eBay's Big "Whoops": What Others Can Learn From It

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The word “eBay” necessitates no introduction. It’s a household brand, and a very successful one at that. The company made $16 million in gross revenue in 2013, netting at about $2.8 million. In a highly-embarrassing series of events, the company that also owns and operates PayPal had to stand (digitally) before its users and announce that it has been hacked.

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  • I enjoyed your slides and blogged on this topic this week with less focus on customers and more on how IT organizations can clean up privileged account management http://blog.avatier.com/ebay-privileged-account-management-auction/
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eBay's Big "Whoops": What Others Can Learn From It

  1. 1. What YOU Can Learn From eBay’s Security Breach The word “eBay” necessitates no introduction. It’s a household brand, and a very successful one at that. The company made $16 million in gross revenue in 2013, netting at about $2.8 million. In a highly-embarrassing series of events, the company that also owns and operates PayPal had to stand (digitally) before its users and announce that it has been hacked. Read On PerfectCloud Blog
  2. 2. WHAT HAPPENED EXACTLY?
  3. 3.  The Security Breach Between late February and early March, a still- unidentified hacker managed to breach eBay’s database, revealing passwords and personal information of customers and employees. It wasn’t until May that they recognized the breach. So, for roughly three months, every single account on eBay was as vulnerable as a gazelle in the middle of a large grassy field!
  4. 4. eBay released a statement assuring that users’ financial data has not been compromised, since this is stored in encrypted format on a separate repository. What about the passwords then?  How Did eBay Respond To This?
  5. 5. How To Avoid Such Instance at Your Company?
  6. 6.  As an individual, it’s important to protect your identity from such breaches.  Make strong and complicated passwords to make it really difficult for the hackers to decrypt it.  What if eBay’s financial database had been compromised? Considering eBay’s close relationship with PayPal, you’d have been completely obliterated if you used both services.
  7. 7. 1 Avoid using the same password for two or more services at all costs. No matter what you have to do to make sure you remember all of those passwords, do it and do it now. Use Different Passwords For Different Services Hint – Use a Single Sign-On service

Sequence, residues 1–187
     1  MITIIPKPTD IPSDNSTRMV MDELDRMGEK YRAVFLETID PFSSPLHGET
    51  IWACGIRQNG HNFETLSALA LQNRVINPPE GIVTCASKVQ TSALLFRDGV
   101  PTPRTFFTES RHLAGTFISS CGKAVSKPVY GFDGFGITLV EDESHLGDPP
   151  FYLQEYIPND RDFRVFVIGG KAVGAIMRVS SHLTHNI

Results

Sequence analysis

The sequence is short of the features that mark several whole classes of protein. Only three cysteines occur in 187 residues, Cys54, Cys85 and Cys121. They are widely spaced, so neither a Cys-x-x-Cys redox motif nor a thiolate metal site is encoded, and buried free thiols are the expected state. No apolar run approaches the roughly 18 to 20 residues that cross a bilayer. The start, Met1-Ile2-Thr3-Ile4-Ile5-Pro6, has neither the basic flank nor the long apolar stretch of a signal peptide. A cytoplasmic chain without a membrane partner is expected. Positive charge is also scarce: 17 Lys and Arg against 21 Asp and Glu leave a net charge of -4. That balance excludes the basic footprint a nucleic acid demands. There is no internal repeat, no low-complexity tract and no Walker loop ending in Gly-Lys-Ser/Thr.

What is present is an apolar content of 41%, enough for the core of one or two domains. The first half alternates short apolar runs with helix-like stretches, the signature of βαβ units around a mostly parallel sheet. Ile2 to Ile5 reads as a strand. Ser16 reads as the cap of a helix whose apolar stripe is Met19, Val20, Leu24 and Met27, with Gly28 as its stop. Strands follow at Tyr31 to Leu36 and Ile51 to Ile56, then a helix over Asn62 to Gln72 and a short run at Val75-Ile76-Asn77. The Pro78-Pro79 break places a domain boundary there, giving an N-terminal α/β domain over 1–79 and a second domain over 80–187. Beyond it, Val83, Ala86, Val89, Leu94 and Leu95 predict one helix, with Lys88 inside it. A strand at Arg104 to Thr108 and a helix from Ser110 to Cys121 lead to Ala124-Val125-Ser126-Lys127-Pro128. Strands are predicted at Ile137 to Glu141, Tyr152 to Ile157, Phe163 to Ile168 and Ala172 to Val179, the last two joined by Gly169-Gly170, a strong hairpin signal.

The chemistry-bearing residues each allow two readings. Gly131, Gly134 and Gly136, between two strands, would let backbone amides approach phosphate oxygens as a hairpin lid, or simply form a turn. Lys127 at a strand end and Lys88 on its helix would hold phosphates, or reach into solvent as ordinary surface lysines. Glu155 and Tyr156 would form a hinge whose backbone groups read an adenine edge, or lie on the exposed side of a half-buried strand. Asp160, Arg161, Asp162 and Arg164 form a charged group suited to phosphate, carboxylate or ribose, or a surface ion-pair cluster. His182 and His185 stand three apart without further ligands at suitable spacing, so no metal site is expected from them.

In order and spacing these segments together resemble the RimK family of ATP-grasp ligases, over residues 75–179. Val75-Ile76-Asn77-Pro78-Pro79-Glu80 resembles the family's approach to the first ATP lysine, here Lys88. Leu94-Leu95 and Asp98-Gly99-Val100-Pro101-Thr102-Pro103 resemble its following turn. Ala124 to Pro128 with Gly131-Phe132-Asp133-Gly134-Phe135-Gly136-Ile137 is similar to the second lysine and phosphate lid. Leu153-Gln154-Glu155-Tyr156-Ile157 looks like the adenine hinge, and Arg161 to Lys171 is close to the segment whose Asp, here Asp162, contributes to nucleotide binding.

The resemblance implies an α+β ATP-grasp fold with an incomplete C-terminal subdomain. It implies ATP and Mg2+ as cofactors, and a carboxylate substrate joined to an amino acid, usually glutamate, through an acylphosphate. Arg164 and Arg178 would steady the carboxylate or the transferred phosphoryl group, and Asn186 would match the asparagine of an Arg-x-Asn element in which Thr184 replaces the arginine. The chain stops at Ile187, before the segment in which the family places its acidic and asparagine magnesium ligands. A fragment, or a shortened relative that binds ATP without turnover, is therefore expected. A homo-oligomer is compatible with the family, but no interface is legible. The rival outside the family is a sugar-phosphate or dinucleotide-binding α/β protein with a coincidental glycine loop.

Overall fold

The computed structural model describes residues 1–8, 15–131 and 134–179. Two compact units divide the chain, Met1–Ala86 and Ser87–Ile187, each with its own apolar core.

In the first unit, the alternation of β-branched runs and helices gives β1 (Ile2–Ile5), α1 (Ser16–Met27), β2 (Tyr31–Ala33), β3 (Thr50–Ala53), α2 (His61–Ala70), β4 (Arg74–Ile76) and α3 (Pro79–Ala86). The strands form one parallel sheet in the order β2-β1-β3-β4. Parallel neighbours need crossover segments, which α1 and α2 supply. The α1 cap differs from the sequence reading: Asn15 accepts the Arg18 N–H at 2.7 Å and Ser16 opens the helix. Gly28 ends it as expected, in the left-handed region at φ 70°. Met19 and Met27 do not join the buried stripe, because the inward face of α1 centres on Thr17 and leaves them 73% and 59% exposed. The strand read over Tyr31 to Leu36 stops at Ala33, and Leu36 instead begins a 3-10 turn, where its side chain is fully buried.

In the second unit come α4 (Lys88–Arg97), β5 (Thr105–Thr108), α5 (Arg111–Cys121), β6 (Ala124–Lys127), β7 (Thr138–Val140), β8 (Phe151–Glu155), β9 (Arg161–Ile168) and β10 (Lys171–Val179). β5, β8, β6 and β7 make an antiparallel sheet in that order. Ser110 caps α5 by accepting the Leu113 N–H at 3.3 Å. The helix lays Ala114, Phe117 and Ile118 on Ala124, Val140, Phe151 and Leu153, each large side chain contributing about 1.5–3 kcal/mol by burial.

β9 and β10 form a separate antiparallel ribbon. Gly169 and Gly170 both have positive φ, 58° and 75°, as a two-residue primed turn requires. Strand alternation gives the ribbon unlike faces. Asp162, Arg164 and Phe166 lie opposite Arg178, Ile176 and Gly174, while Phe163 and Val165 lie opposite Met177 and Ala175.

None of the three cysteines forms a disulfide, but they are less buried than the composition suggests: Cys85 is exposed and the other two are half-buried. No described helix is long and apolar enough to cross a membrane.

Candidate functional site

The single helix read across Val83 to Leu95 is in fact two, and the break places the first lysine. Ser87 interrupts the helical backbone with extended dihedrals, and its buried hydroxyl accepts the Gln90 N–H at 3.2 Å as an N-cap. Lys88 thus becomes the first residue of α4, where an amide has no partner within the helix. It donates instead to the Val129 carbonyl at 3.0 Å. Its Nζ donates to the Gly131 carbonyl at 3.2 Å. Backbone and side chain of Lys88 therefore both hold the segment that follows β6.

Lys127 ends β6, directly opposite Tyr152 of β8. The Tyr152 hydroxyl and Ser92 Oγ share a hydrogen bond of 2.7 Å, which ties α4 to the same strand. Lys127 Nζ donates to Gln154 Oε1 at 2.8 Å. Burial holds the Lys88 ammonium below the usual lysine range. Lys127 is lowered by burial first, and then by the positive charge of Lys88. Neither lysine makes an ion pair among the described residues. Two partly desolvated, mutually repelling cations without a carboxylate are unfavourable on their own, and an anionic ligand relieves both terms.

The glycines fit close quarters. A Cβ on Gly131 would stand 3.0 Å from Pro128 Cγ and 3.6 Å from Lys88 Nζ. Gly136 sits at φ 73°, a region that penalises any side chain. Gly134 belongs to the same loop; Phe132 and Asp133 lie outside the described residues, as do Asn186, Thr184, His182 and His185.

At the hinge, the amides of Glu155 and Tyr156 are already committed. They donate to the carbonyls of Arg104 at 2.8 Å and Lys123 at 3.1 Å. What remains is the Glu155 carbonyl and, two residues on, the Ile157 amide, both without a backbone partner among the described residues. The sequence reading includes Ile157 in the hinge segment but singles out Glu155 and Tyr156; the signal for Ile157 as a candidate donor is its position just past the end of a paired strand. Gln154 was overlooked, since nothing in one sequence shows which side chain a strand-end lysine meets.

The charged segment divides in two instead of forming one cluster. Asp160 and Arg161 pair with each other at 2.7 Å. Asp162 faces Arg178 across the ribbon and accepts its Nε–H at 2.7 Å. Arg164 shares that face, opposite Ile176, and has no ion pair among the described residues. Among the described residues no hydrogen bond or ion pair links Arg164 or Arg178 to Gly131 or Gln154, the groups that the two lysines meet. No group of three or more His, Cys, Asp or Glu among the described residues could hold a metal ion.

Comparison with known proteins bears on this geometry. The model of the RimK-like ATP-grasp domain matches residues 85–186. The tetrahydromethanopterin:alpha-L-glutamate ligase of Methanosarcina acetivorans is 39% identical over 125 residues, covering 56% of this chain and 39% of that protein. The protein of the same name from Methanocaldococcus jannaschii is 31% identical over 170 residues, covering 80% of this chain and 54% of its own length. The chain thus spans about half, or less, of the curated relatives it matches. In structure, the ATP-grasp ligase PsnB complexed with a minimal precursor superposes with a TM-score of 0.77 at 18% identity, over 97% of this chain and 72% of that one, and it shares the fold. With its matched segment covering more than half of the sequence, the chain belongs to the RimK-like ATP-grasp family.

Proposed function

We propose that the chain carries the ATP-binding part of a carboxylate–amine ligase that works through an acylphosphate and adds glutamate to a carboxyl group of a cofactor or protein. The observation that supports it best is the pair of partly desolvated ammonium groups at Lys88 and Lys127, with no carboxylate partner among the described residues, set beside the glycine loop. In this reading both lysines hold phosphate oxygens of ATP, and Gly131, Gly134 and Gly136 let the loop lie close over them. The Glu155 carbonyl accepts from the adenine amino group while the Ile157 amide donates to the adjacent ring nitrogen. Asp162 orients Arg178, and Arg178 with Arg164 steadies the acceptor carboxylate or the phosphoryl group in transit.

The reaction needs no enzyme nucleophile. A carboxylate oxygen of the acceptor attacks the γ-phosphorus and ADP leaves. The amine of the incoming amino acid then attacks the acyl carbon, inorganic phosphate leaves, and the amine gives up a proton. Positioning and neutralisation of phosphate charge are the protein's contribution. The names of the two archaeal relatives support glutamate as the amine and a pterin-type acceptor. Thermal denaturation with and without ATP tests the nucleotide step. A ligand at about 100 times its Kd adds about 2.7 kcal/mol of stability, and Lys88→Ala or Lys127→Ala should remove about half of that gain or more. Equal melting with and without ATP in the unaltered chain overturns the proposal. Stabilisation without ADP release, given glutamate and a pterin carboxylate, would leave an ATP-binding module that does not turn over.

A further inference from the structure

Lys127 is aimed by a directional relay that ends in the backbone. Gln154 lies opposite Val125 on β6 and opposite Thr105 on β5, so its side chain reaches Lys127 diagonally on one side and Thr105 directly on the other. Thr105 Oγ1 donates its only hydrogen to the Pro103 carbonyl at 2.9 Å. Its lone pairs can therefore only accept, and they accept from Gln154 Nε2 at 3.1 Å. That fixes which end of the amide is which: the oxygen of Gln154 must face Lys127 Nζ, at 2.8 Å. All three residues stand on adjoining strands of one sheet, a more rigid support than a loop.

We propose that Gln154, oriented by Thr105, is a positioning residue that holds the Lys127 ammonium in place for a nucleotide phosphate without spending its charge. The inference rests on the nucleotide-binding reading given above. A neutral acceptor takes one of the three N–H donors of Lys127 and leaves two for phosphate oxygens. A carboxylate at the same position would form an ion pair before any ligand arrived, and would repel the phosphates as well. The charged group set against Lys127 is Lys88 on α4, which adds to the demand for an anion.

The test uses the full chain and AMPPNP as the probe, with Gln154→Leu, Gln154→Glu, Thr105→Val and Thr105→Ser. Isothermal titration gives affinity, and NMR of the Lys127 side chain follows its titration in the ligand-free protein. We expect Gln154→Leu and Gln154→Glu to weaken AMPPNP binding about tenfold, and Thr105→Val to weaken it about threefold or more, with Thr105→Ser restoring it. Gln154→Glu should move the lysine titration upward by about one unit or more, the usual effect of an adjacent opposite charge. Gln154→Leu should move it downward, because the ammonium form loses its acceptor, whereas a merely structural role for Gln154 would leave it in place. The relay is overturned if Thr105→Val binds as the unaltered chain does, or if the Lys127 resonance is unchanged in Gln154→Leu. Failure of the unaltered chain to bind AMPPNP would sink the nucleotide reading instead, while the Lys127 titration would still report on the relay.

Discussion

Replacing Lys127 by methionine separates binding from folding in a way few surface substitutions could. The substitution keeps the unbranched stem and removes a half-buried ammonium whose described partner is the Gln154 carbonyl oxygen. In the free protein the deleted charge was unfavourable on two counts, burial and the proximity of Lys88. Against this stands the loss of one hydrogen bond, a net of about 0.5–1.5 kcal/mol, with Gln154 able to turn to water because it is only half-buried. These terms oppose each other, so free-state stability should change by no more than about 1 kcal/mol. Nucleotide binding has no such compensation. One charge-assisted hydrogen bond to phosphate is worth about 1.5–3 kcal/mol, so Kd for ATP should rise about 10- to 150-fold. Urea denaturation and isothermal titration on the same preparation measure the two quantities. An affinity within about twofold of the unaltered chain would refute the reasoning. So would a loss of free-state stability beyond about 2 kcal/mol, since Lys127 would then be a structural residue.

8. 8. 2 Create Strong And Complicated Passwords Don’t follow eBay’s advice when changing your password. It’s not going to save you from even the simplest dictionary attack. Learn how to create strong passwords.
  9. 9. 3 Find Out How Companies Store Your Data Don’t rely on something just because it has encryption. Try to understand how the company providing services to you stores its passwords and how it manages encryption and decryption keys.
  10. 10. Lessons Companies Can Learn From eBay’s Slip-Up
  11. 11.  Use Multi-Factor Authentication Your employees need multi-factor authentication. Your entire data infrastructure is as strong as its weakest database. The more ways to authenticate you introduce, the better off you’ll be when someone tries to bypass a password.
  12. 12.  Schedule Regular Audits Do you audit your application usage? If you don’t, you have nothing to compare when a hacker happens to breach an account in your company.
  13. 13. Don’t wait until a breach happens to tell everyone to reset their passwords. Remind your employees and customers to regularly reset their passwords. With staff that has access to sensitive information it should be done on a daily basis .  Implement Strict Password Policies
  14. 14. eBay went out of its way in its statement to say that its “financial information is encrypted”. Right. So, what about the rest? Don’t be that company.  Encrypt All The Financial And Personal Data
  15. 15.  Stay Alert Don’t take three months to detect a threat, especially one that’s already gaining control of your database. Look for the signs of a breach. Check login times and see if something doesn’t add up with what your provider is giving you.
  16. 16. Take a Few Precautions and Stay Protected From Security Breaches
  17. 17. To understand the presentation in depth read the following article – eBay’s Big “Whoops”: What Others Can Learn From It If you have any queries or feedback, send an email to contact@perfectcloud.io

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